Android Central

Ya know, looking back at our recap of the first six months of the year, I'm not quite sure how I survived. Well, OK. I do. And the answer is pretty simple: With a kick-ass team, of course. No one person here does it alone. I may be the one who spends too much time on airplanes, but it's the entire team that keeps this ship running.

And with that said, it's time to turn to the second half of 2013. And for as exciting as January through June was, July to now stepped it up that much more.

Let's take a look.

July 2013: Goodbye, Google Reader ... Hello Nexus 7 and Chromecast!

Nexus 7

Strangely enough, the world didn't end on July 2, 2013 — the day Google Reader was shut down for good. Alternatives had arisen. OMPL lists were exported, imported and enjoyed anew. Are our RSS lives the same? As fulfilling? Maybe not. But persevere we did.

VPN Deals: Lifetime license for $16, monthly plans at $1 & more

Verizon has a little get-together in New York to announce the new Droid Mini, Droid Ultra and Droid Maxx. The Droid Ultra is decent, but it's pretty clear that the Droid Maxx, with its massive battery, is where it's at.

The real news of the month, however, was the new version of Google's Nexus 7. A "Breakfast with Sundar Pichai" was scheduled for July 24 — yes, the same day as Verizon's Droid event — in San Francisco. We got an exclusive first look at the new Nexus 7 a week early, but the event was well worth the wait. The new Nexus 7 upped the ante in the specs department, giving the tablet the innards and display that it deserves. 

But, wait! There's more! Google also gave us the Chromecast — a dongle-sized HDMI, erm, dongle to stream video and music to our TVs. The Chromecast actually does the heavy lifting, but it's controlled by an Android device. And it's easily one of the most important devices of 2013. It's not quite a Nexus Q replacement — it's not quite as full-featured a device — but with a $35 price tag (instead of $299) that made Chromecast an instant buy. And I finally box up my Nexus Q — for good.

Oh, and Android 4.3 dropped. 

A few other nuggets:

August 2013: Finally, the Moto X ...

Moto X

That's it, cancel the rest of the year. The Moto X finally has arrived. It's almost difficult to find a phone that had been leaked more — if not outright displayed publicly — before its announcement, but here it is. We had a relatively intimate briefing with Motorola in New York, then time to explore the phone.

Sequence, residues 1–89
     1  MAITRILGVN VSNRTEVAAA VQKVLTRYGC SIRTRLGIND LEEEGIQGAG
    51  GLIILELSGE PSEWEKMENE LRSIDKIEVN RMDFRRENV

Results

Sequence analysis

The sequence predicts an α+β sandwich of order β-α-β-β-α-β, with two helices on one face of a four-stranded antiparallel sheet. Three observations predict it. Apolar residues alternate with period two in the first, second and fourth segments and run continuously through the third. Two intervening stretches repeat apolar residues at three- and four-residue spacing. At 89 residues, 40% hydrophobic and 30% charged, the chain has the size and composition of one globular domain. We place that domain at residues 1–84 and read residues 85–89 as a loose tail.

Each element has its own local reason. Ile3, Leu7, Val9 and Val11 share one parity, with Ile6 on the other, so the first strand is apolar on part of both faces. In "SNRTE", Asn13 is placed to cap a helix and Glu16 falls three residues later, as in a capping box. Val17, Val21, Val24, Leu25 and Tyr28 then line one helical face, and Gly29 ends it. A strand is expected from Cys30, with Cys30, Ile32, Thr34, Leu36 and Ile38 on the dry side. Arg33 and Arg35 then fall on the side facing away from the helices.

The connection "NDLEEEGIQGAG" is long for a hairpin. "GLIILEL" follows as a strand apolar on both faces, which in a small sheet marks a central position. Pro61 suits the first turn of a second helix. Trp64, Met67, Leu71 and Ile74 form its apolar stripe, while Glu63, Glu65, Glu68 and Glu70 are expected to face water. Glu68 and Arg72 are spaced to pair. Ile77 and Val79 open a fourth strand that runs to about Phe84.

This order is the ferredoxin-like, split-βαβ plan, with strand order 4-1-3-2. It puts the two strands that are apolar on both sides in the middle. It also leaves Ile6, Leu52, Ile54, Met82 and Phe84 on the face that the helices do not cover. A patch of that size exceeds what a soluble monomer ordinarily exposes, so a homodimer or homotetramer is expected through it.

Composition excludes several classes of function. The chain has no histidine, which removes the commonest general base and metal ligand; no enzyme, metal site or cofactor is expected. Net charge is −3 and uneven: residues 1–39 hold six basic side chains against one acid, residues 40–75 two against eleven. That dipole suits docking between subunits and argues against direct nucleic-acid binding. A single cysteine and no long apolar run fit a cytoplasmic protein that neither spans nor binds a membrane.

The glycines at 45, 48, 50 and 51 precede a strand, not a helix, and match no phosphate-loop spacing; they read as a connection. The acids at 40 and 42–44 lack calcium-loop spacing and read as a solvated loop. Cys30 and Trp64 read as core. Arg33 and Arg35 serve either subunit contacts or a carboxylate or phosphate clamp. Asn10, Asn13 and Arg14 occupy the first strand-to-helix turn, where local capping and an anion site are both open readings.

The wood backs. The wrist-flip camera app. The custom designs through Moto Maker (though on AT&T only at first, which sucked). All things to be very excited about. Touchless Control. Active Display. Trusted Bluetooth Devices to help better protect your phone. But the camera? Eh, not so much. Pictures were sorely disappointing, never mind what Moto sang to us. Also extremely disappointing was the fact that Moto X is U.S.-only. Moto X still isn't going to win any specs battles — but it's not supposed to. And that's OK, though.

It becomes pretty clear to us pretty quickly that Moto X will be among the top phones of the year.

Also worth a pretty big mention is Google's new Android Device Manager, which allows you to track the location of any of your connected devices. You can ring them remotely, or outright wipe the thing if lost. This is a big deal and goes a long way toward keeping your data more secure.

The Moto X was released by U.S. carriers toward the end of the month.


The sleeper hit of the year came in August as well. LG came to New York City to take the wraps off the new LG G2. (It dropped the "Optimus" name earlier in the year.) Not only does it check all the boxes when it comes to specs, but it moves the volume and power buttons to the rear of the phone. Sounds crazy, but I got used to it quickly enough. The 5.2-inch display is big, but it wasn't too big for me to actually use

Really, the biggest quibble I had with the LG G2 was the decision to partner up with the Vienna Boys Choir for ringtones and notifications. They're cute, at first, but by the end of the first day you're ready to throw the phone against a wall. (Or at least change to something less annoying.)

September 2013: Berlin and New York and Miami ... And KitKat!

IFA 2013

The whirlwind continues. First up, the IFA conference in Berlin. But, first, a fun story: I get rerouted from Amsterdam through Paris and finally to Berlin. Hours late. Exhausted. But, oh, look. As I'm sitting at CDG in Paris, waiting for one last flight, Android 4.4 KitKat gets announced. And the Nexus 5 gets leaked out in Google's video of the KitKat statue being unveiled

So there's that.

Anyhoo, it's my first time in Germany. And we've barely got our feet on the ground (Alex and Richard where there, too, leading me around) when we get our first look at the Samsung Galaxy Note 3 and the Galaxy Gear smartwatch.

The Note 3 definitely is the more important device of the two, but I do still like the Galaxy Gear. It's just hard for most folks to stomach the $299 asking price, especially when you consider that it just now got more proper notifications. Design-wise, it's pretty good. I just think it might be trying to do too much.

In addition, Samsung brought the awkwardly named Galaxy Tab 10.1 — 2014 Edition. Great 10-inch tablet. Horrible name.

From Sony, we got the Xperia Z1 smartphone, but the real sexiness came from the QX10 and QX100 lens attachment thingies. For as weird as the idea is — a self-contained camera that attaches to just about any normal-sized smartphone (or works as a standalone shooter — it is remarkably fun to use. Basically Sony took the glass and guts from its excellent point-and-shoot cameras and turned them into the QX series.